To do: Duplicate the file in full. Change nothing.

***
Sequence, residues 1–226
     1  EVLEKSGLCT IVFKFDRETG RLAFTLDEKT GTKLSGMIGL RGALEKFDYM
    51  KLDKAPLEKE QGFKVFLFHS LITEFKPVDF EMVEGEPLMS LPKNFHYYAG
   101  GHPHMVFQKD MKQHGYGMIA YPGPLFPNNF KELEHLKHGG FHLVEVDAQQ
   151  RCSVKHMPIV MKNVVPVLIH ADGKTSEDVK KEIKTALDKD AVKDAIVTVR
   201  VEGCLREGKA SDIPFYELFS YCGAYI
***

Sequence, residues 1–226
     1  EVLEKSGLCT IVFKFDRETG RLAFTLDEKT GTKLSGMIGL RGALEKFDYM
    51  KLDKAPLEKE QGFKVFLFHS LITEFKPVDF EMVEGEPLMS LPKNFHYYAG
   101  GHPHMVFQKD MKQHGYGMIA YPGPLFPNNF KELEHLKHGG FHLVEVDAQQ
   151  RCSVKHMPIV MKNVVPVLIH ADGKTSEDVK KEIKTALDKD AVKDAIVTVR
   201  VEGCLREGKA SDIPFYELFS YCGAYI